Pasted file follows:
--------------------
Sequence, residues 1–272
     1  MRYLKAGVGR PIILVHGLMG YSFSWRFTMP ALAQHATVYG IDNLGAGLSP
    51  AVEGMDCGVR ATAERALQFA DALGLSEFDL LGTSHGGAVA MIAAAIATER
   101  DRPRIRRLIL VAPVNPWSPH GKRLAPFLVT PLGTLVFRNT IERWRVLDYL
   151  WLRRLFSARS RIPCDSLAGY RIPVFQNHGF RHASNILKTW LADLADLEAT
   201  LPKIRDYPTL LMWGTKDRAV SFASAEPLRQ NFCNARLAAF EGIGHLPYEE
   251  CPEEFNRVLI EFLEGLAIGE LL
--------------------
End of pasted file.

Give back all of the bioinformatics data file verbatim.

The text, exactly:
Sequence, residues 1–272
     1  MRYLKAGVGR PIILVHGLMG YSFSWRFTMP ALAQHATVYG IDNLGAGLSP
    51  AVEGMDCGVR ATAERALQFA DALGLSEFDL LGTSHGGAVA MIAAAIATER
   101  DRPRIRRLIL VAPVNPWSPH GKRLAPFLVT PLGTLVFRNT IERWRVLDYL
   151  WLRRLFSARS RIPCDSLAGY RIPVFQNHGF RHASNILKTW LADLADLEAT
   201  LPKIRDYPTL LMWGTKDRAV SFASAEPLRQ NFCNARLAAF EGIGHLPYEE
   251  CPEEFNRVLI EFLEGLAIGE LL